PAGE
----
Secretary of State Maggie Toulouse said she’s hopeful the state will see most of the results from absentee ballots posted on election night, despite the huge surge in absentee ballots requested this year.
New Mexico, unlike some other states, has laws in place to allow counties to begin tabulating absentee ballots days before the election. Counties that sent out more than 10,000 absentee ballots began processing those ballots on Oct. 24. Counties that sent out less than 10,000 absentee ballots can begin processing those ballots starting today.
“We are well underway now across the state with the processing of absentee ballots,” Toulouse Oliver said. “What we’re all hopeful for is that beginning this process as early as possible will enable the County Clerks and their absentee precinct boards to get through the vast majority of those mailed ballots before election night, and those boards are going to continue working to process everything that they have up through Election Day.”
While absentee ballots can be tabulated in advance, she added, no results can be produced or revealed publicly prior to the close of polls, which is 7 p.m. on election night.
She said larger counties which likely will need to continue counting ballots beyond the 11:30 pm deadline on election night, will likely post partial results of the absentee ballots that have already been processed earlier in the evening, she said. Smaller counties will probably wait until later in the evening, after all the polling locations have closed and checked in with the county clerk’s office, before posting their results.
“We are going to make every effort out of our office to be able to inform [the public] on how many votes are still outstanding at any given county, how many ballots that entails, and how many ballots we either know or estimate are outstanding to be processed over the course of the rest of the evening or the following day,” she said.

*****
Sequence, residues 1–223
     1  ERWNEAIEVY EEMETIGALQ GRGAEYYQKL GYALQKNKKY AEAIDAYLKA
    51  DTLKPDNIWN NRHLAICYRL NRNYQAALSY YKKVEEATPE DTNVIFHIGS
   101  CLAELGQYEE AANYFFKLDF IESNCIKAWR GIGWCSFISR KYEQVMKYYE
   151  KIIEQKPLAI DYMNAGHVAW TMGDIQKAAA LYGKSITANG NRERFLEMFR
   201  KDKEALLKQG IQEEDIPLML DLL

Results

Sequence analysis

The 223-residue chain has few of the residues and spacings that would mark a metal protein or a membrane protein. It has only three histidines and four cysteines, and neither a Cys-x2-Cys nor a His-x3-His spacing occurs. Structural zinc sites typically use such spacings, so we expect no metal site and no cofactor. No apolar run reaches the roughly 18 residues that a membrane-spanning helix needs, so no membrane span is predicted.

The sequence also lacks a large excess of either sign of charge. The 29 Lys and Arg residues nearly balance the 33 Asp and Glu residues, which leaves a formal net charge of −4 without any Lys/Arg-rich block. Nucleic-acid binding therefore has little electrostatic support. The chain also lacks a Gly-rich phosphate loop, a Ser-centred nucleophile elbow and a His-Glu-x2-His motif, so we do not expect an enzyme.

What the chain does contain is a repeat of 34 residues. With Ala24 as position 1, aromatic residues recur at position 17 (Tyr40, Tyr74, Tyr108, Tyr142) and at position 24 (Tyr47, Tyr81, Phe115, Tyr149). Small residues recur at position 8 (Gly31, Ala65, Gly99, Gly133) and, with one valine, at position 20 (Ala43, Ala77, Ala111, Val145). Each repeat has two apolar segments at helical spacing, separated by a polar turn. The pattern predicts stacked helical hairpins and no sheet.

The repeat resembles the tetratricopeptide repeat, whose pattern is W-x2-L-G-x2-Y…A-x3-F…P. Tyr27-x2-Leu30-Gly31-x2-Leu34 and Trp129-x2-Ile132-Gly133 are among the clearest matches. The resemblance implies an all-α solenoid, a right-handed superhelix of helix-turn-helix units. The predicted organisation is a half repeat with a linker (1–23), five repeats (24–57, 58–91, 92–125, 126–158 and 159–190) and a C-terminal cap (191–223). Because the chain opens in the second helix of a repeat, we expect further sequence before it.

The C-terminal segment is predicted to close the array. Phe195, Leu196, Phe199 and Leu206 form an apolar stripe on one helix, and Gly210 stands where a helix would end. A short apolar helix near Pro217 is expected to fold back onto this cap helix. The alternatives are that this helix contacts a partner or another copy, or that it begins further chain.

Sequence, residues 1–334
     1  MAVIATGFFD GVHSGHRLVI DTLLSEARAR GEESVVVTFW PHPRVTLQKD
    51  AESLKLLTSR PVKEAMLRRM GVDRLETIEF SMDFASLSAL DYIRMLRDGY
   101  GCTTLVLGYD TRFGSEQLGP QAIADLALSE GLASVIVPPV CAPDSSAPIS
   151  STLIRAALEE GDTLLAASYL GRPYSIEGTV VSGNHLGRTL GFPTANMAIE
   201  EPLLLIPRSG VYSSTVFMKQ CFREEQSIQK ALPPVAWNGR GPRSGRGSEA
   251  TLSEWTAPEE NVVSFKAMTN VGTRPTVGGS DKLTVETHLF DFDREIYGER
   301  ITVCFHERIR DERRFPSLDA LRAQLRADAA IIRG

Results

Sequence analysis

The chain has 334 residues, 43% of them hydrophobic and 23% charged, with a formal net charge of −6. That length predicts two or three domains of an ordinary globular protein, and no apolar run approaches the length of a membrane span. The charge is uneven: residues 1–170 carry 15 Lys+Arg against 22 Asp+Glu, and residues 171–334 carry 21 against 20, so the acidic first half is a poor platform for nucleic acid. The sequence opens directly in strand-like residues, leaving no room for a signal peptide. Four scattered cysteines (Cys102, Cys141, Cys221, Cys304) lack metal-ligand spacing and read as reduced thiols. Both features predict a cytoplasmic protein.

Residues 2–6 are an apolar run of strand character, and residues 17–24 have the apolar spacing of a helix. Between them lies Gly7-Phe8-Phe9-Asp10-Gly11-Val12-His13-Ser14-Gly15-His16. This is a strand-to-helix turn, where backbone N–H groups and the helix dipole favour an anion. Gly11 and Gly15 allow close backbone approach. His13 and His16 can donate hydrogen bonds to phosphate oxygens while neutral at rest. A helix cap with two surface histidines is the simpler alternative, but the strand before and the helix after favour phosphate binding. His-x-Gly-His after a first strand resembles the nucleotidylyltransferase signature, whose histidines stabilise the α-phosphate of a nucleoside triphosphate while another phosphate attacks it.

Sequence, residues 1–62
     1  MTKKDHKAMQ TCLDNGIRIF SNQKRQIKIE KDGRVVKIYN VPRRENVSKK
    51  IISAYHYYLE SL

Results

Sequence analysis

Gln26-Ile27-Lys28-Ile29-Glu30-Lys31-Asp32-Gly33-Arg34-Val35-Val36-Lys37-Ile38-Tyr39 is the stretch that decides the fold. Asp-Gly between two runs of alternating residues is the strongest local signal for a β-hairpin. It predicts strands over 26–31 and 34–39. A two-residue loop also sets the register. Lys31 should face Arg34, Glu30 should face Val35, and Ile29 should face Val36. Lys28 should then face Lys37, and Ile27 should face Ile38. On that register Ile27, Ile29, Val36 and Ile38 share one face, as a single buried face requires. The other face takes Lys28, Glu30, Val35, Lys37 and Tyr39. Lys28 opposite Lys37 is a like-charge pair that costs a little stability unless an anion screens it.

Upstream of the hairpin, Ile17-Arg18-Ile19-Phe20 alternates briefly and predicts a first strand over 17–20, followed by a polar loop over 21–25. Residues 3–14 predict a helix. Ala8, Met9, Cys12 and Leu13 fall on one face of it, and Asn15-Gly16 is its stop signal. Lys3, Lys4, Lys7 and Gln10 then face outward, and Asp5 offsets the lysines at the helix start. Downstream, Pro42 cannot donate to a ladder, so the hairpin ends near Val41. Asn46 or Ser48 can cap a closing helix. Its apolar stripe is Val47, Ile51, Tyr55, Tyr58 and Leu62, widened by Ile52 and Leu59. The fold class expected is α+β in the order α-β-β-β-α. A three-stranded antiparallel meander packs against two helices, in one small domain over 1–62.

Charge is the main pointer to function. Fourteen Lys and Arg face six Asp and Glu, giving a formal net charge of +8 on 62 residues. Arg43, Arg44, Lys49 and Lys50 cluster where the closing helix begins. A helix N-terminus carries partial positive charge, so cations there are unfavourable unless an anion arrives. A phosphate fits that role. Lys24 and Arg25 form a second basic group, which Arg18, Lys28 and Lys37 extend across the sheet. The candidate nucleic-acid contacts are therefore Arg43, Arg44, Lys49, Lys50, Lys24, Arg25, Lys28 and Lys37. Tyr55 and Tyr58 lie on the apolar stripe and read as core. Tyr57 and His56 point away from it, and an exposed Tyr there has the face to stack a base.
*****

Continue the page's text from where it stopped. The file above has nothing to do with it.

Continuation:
Some statewide and local races will likely be called on election night with unofficial results, she said. But she warned that results for some races won’t be available until after the election, during the post-election canvass process.
“That is normal, and there will always be provisional ballots outstanding that will need to be counted during the post-election canvass process,” she said. “The post-election canvass process extends a couple of weeks past the election and just depending on the county and how much work they have to do some counties are able to go through it very quickly. Others it takes every minute of that time.”
Counties will also go through an auditing period to ensure that the number of ballots issued equals the number of ballots cast or spoiled or rejected in each county, she said. For close elections, recounts are triggered if the margin of victory is within 1 percent for local and precinct-level elections, and if it’s within a quarter of a percent for statewide elections.
Referencing two legal actions taken by the state Republican Party this week, Toulouse Oliver said her office is bracing for more potential litigation around election results.
“This has been by far and away the most litigated election, ever,” she said. “Unfortunately, I think in the highly toxic partisan and litigious environment that we are currently operating under I am not optimistic that that will stop. I think that we’re all on high alert and concerned that, depending on what things look like on election night and in the following days, that there may very well be litigation. What I hope does not happen [is a] halt to the initial accounting process, because that’s really a bedrock of democracy, that we’re able to count every vote.”
But, she said, recounts rarely find mistakes in voting tabulations.
“I would argue that in 99.99999 percent of any case of a close election here, that automatic recount law and-or the post election audit, is going to be able to rectify or identify any errors that were potentially made in the initial count,” she said. “I will also mention that in every single recount that has occurred in New Mexico since I have been working in the election sphere, not a single recount or an audit has ever changed the outcome of an election or detected a flaw in the accuracy of those election results.”
She also emphasized that a presidential winner likely won’t be declared on election night.
Many states like ours have already been able to begin their processing and are going to be in pretty good shape on election night,” she said. “I think that the big challenge, especially as we’re looking at the presidential election, is that many of those key swing states including Pennsylvania and Michigan do not have very much if any time before Election Day [to begin processing absentee ballots.
“I think we should prepare to sort of hunker down and wait,” she said.
This article was initially published at NMpoliticalreport